Tutorial by Examples



Consider a database with the following two tables. Employees table: IdFNameLNameDeptId1JamesSmith32JohnJohnson4 Departments table: IdName1Sales2Marketing3Finance4IT Simple select statement * is the wildcard character used to select all available columns in a table. When used as a substitute f...
The basic syntax of SELECT with WHERE clause is: SELECT column1, column2, columnN FROM table_name WHERE [condition] The [condition] can be any SQL expression, specified using comparison or logical operators like >, <, =, <>, >=, <=, LIKE, NOT, IN, BETWEEN etc. The following ...
SELECT PhoneNumber, Email, PreferredContact FROM Customers This statement will return the columns PhoneNumber, Email, and PreferredContact from all rows of the Customers table. Also the columns will be returned in the sequence in which they appear in the SELECT clause. The re...
Column aliases are used mainly to shorten code and make column names more readable. Code becomes shorter as long table names and unnecessary identification of columns (e.g., there may be 2 IDs in the table, but only one is used in the statement) can be avoided. Along with table aliases this allows ...
SELECT * FROM Employees ORDER BY LName This statement will return all the columns from the table Employees. IdFNameLNamePhoneNumber2JohnJohnson24681012141JamesSmith12345678903MichaelWilliams1357911131 SELECT * FROM Employees ORDER BY LName DESC Or SELECT * FROM Employees ORDER BY LName ASC...
When a column name matches a reserved keyword, standard SQL requires that you enclose it in double quotation marks: SELECT "ORDER", ID FROM ORDERS Note that it makes the column name case-sensitive. Some DBMSes have proprietary ways of quoting names. For example, SQL Serve...
The SQL 2008 standard defines the FETCH FIRST clause to limit the number of records returned. SELECT Id, ProductName, UnitPrice, Package FROM Product ORDER BY UnitPrice DESC FETCH FIRST 10 ROWS ONLY This standard is only supported in recent versions of some RDMSs. Vendor-specific non-stand...
SELECT e.Fname, e.LName FROM Employees e The Employees table is given the alias 'e' directly after the table name. This helps remove ambiguity in scenarios where multiple tables have the same field name and you need to be specific as to which table you want to return data from. SELECT e.Fname,...
SELECT * FROM table1, table2 SELECT table1.column1, table1.column2, table2.column1 FROM table1, table2 This is called cross product in SQL it is same as cross product in sets These statements return the selected columns from multiple tables in one query....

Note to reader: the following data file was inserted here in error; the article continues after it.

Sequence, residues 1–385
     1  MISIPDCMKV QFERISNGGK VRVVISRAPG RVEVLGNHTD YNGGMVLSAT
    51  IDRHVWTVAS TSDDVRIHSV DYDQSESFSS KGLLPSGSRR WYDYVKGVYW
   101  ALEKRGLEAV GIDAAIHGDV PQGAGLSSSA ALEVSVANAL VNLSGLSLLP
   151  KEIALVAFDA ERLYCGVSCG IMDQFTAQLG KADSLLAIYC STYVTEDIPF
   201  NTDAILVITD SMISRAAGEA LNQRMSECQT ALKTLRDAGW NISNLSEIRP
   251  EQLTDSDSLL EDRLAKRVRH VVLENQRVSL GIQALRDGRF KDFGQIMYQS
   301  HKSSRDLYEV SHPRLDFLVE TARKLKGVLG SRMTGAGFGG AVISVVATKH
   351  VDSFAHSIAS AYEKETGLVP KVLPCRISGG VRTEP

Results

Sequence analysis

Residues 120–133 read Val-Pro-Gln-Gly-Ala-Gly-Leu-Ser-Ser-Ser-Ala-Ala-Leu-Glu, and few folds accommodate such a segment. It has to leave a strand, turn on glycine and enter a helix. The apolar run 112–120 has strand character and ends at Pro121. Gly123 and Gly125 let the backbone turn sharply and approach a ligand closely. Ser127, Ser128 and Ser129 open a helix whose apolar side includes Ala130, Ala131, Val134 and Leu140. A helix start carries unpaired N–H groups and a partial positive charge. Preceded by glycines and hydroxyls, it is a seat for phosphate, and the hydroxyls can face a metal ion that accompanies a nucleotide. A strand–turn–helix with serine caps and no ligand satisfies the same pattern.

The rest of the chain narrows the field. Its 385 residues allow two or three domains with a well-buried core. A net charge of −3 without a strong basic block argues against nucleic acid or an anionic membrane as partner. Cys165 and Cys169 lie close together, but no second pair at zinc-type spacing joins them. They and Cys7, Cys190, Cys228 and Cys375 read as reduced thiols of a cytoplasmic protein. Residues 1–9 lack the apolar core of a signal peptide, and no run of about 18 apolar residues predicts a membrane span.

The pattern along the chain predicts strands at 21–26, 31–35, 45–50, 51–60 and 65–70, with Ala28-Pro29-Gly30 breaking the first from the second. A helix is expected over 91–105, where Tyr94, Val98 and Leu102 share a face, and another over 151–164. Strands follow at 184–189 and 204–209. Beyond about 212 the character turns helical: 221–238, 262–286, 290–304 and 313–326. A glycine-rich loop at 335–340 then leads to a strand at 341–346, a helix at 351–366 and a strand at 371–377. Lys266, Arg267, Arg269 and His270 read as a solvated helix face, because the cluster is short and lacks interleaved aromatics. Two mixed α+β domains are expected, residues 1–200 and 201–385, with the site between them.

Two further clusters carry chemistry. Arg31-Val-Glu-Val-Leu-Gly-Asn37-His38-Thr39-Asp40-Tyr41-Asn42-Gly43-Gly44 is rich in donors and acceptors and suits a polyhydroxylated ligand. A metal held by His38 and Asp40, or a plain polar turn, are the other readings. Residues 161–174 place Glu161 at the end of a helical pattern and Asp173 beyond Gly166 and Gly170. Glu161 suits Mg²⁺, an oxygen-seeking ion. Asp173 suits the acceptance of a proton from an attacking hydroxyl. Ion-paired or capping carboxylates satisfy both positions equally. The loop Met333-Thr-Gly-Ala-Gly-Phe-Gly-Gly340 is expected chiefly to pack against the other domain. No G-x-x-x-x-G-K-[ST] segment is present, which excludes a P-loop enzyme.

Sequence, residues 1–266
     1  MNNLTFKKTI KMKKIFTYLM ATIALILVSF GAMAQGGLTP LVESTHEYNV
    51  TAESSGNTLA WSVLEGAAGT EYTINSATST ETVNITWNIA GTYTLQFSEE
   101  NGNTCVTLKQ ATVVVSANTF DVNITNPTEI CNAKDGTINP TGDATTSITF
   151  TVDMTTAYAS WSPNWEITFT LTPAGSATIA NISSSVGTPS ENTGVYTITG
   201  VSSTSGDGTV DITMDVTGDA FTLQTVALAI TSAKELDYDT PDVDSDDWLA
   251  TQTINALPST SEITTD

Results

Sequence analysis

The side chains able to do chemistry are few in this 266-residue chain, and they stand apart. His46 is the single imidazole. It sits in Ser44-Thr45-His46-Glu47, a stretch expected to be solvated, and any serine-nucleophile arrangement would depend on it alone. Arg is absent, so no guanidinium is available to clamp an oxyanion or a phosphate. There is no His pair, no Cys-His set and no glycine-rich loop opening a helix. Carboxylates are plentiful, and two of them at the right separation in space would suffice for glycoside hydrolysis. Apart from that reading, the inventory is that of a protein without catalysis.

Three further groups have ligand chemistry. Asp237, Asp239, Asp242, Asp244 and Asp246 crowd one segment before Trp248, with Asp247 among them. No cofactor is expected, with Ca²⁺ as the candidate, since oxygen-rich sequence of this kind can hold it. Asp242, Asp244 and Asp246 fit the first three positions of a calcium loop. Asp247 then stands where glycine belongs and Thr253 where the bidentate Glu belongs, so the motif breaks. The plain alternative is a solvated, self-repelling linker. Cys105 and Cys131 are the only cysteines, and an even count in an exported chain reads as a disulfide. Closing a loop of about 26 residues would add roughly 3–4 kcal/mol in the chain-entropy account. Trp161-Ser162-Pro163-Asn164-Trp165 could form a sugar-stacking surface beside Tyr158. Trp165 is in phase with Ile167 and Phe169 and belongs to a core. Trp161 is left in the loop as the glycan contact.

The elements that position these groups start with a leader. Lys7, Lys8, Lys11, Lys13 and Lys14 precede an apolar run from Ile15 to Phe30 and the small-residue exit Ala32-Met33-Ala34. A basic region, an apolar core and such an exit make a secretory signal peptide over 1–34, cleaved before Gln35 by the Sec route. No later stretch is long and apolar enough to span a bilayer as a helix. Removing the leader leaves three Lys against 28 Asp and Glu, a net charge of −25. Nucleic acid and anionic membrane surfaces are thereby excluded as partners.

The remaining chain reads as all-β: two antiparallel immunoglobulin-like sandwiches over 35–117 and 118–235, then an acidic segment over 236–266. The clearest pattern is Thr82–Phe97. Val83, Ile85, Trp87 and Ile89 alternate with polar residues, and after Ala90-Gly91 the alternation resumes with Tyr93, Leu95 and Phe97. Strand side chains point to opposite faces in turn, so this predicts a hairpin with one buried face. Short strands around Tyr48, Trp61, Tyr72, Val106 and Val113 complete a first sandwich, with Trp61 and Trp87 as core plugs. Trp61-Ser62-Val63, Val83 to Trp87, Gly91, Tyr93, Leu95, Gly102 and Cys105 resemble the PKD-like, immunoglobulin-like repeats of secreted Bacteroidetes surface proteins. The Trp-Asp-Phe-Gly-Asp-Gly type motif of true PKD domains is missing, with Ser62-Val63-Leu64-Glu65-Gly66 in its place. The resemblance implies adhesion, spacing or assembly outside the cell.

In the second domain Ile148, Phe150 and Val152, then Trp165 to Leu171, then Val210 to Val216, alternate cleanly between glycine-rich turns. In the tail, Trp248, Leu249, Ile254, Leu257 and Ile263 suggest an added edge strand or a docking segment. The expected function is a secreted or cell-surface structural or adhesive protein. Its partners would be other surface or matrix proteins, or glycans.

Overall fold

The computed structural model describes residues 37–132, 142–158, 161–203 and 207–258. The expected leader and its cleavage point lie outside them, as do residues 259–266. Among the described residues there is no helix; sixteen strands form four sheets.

Average The AVG() aggregate function will return the average of values selected. SELECT AVG(Salary) FROM Employees Aggregate functions can also be combined with the where clause. SELECT AVG(Salary) FROM Employees where DepartmentId = 1 Aggregate functions can also be combined with group by ...
SELECT Name FROM Customers WHERE PhoneNumber IS NULL Selection with nulls take a different syntax. Don't use =, use IS NULL or IS NOT NULL instead.
When results need to have some logic applied 'on the fly' one can use CASE statement to implement it. SELECT CASE WHEN Col1 < 50 THEN 'under' ELSE 'over' END threshold FROM TableName also can be chained SELECT CASE WHEN Col1 < 50 THEN 'under' WHEN Col1 > 50 AND Col1 ...
Sometimes when tables are used mostly (or only) for reads, indexing does not help anymore and every little bit counts, one might use selects without LOCK to improve performance. SQL Server SELECT * FROM TableName WITH (nolock) MySQL SET SESSION TRANSACTION ISOLATION LEVEL READ UNCOMMITTED;...
SELECT DISTINCT ContinentCode FROM Countries; This query will return all DISTINCT (unique, different) values from ContinentCode column from Countries table ContinentCodeOCEUASNAAF SQLFiddle Demo
SELECT * FROM Cars WHERE status IN ( 'Waiting', 'Working' ) This is semantically equivalent to SELECT * FROM Cars WHERE ( status = 'Waiting' OR status = 'Working' ) i.e. value IN ( <value list> ) is a shorthand for disjunction (logical OR).
Counting rows based on a specific column value: SELECT category, COUNT(*) AS item_count FROM item GROUP BY category; Getting average income by department: SELECT department, AVG(income) FROM employees GROUP BY department; The important thing is to select only columns specified in the GRO...
The AND keyword is used to add more conditions to the query. NameAgeGenderSam18MJohn21MBob22MMary23F SELECT name FROM persons WHERE gender = 'M' AND age > 20; This will return: NameJohnBob using OR keyword SELECT name FROM persons WHERE gender = 'M' OR age < 20; This will return: n...

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